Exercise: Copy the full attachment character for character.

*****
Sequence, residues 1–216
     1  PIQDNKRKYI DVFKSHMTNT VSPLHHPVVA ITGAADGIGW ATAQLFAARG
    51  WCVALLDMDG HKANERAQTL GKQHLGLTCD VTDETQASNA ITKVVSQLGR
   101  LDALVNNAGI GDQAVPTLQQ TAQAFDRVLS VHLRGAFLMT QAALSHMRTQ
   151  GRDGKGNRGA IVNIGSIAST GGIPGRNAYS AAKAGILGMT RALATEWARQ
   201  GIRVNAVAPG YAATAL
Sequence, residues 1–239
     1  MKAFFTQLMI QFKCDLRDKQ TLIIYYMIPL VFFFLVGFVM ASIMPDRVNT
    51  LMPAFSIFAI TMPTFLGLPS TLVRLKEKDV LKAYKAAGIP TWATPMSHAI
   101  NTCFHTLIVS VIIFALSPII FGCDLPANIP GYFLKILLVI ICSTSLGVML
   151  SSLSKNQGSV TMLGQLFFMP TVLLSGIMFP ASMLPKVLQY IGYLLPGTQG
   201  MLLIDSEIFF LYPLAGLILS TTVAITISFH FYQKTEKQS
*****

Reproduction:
Sequence, residues 1–216
     1  PIQDNKRKYI DVFKSHMTNT VSPLHHPVVA ITGAADGIGW ATAQLFAARG
    51  WCVALLDMDG HKANERAQTL GKQHLGLTCD VTDETQASNA ITKVVSQLGR
   101  LDALVNNAGI GDQAVPTLQQ TAQAFDRVLS VHLRGAFLMT QAALSHMRTQ
   151  GRDGKGNRGA IVNIGSIAST GGIPGRNAYS AAKAGILGMT RALATEWARQ
   201  GIRVNAVAPG YAATAL
Sequence, residues 1–239
     1  MKAFFTQLMI QFKCDLRDKQ TLIIYYMIPL VFFFLVGFVM ASIMPDRVNT
    51  LMPAFSIFAI TMPTFLGLPS TLVRLKEKDV LKAYKAAGIP TWATPMSHAI
   101  NTCFHTLIVS VIIFALSPII FGCDLPANIP GYFLKILLVI ICSTSLGVML
   151  SSLSKNQGSV TMLGQLFFMP TVLLSGIMFP ASMLPKVLQY IGYLLPGTQG
   201  MLLIDSEIFF LYPLAGLILS TTVAITISFH FYQKTEKQS